He wanted to make them forget and subjugate them before appointing them, and thus there was no negligence in Nasser torturing thousands of communists who supported him with all their strength. There was no answer to the question of the mystery that struck most of his advisors, communists among them, the question that looks for the reasons for which Abdel Nasser was pushed to torture communists.
I will describe to you a story recounted to me by my father. The events of this story took place in Orda Prison, a camp where Abdel Nasser tortured hundreds of communists in order to destroy their morale, not to obtain confessions. The story goes that at the peak of torture, one of the prisoners raised his head and said “Why are you doing this to us when I support and love Abdel Nasser?” The officer replied, as he continued to hit him, “so you’ll support him, not love him, you [expletive]” This is the message: You are an employee of a political department, body, or organisation which employs politicians to serve the state and support the state when required of you. Perhaps this explains the emergence of a means to express a subjugated opposition in Egyptian political literature.
Nasser succeeded, generally, in subjugating the political group, and he only did this through focusing on four main pillars: first, people’s weariness of the weak regime that governed Egypt from 1919-1952 and its slow performance. In my estimation, this weakness was a result of a number of considerations, the most important of which is that he was not able to take advantage of the change in the balance of international and regional powers that eventually formulated after the Second World War ended.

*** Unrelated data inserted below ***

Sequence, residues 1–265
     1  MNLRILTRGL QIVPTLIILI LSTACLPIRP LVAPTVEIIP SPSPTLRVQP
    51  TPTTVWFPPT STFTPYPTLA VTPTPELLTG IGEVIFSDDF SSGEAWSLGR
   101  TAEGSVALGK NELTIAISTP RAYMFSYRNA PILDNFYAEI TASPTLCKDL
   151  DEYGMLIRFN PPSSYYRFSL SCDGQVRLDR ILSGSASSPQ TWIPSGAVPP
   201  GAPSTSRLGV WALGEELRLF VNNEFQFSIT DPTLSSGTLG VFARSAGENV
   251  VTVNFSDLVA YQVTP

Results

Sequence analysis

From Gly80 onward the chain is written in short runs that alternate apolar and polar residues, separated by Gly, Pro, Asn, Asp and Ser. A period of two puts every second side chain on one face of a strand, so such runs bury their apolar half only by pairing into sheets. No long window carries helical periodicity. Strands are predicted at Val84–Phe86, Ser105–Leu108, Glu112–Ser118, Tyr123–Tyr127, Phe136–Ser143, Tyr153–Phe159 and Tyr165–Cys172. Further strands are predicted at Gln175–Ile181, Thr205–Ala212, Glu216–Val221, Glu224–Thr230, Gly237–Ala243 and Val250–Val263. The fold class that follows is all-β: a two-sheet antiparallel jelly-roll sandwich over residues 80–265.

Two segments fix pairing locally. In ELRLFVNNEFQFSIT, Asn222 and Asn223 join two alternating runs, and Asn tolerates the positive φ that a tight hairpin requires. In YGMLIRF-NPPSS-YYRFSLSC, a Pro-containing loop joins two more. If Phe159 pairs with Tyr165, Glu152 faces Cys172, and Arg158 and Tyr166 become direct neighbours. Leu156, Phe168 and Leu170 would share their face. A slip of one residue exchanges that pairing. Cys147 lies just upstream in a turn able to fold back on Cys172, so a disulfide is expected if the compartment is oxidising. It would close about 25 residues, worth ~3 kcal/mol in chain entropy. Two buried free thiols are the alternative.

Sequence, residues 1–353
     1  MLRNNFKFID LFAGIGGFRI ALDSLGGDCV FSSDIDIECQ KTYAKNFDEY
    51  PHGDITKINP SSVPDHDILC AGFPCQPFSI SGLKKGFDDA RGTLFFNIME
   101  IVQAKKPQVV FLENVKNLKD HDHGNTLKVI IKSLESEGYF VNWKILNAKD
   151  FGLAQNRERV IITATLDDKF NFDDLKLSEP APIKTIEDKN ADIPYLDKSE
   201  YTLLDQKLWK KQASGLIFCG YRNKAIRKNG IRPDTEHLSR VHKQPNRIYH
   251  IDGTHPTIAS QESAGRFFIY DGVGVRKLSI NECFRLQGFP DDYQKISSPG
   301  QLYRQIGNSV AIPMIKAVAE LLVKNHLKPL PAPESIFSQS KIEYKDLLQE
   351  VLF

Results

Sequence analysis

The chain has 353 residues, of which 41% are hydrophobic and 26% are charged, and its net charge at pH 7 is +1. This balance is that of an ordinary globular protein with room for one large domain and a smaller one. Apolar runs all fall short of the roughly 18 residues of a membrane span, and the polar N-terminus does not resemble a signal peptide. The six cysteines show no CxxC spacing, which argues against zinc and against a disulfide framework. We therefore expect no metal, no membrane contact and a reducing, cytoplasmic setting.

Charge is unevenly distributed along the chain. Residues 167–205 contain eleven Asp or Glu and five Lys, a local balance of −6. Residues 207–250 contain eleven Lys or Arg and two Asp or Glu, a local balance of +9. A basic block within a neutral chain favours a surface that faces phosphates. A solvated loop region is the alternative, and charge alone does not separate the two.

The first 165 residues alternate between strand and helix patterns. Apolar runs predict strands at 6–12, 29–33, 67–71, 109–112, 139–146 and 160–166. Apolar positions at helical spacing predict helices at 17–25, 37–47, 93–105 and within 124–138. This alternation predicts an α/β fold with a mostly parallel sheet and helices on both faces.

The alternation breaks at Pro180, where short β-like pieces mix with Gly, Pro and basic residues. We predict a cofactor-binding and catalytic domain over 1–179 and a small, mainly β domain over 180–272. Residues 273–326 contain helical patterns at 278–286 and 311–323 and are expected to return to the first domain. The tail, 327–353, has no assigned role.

The second pillar was how Nasser succeeded in bringing together a large number of political groups with a socialist orientation with a permanent insistence on the distortion of politics, the political process, and democracy. The media, which he monopolised, confirmed that advocates for freedom were advocates for chaos and division and merely “all talk.” As a precautionary measure, the media added that these individuals could perhaps be agents of the US and the Soviet Union.
The third pillar was his success in subjecting politicians to the clout of his achievements, differentiated in terms of gender and class, and in terms of seriousness and feasibility as well, which he undertook from time to time, and perhaps because of this, he obtained more popular support. On the other hand, these achievements formed reason to support and praise him on part of politicians, as well as a means to justify practices and positions that may provoke resentment from the people.
The fourth pillar on which Nasser succeeded was ‘cracking the brains’ of the democratic opposition or political group, and through the word ‘cracking’ we are referring to detention and torture. In terms of what happened to the communists, we must also add that people like Louis Awad were arrested and tortured because they were communists! And the funniest and most tragic part was that the prisons were filled and for a few years with a few hundred of the detainees because they walked at the funeral of Nahas Pasha, chanting wholeheartedly, after all of Nasser’s ‘achievements’ the passage of 13 years since 1952, that Nahas was the nation’s leader.
Can we now, after discussing the performance of the 1952 family, understand the nature of the relationship between Al-Sisi and politicians? Or does the issue require us to review Sadat and Mubarak first in order to expose in some detail what distinguishes Al-Sisi’s position on the political process?! And to what extent are his constants consistent with that of the 1952 regime? How similar or different are the positions of all heads of the 1952 regime, and why?